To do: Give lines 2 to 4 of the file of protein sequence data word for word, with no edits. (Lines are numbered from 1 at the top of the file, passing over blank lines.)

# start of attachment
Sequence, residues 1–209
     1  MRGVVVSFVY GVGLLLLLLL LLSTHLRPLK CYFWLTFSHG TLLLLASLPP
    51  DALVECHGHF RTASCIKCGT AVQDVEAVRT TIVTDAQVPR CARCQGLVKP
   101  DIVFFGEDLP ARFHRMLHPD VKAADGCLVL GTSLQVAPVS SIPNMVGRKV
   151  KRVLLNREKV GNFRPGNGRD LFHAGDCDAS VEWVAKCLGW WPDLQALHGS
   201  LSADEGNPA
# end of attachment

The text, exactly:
     1  MRGVVVSFVY GVGLLLLLLL LLSTHLRPLK CYFWLTFSHG TLLLLASLPP
    51  DALVECHGHF RTASCIKCGT AVQDVEAVRT TIVTDAQVPR CARCQGLVKP
   101  DIVFFGEDLP ARFHRMLHPD VKAADGCLVL GTSLQVAPVS SIPNMVGRKV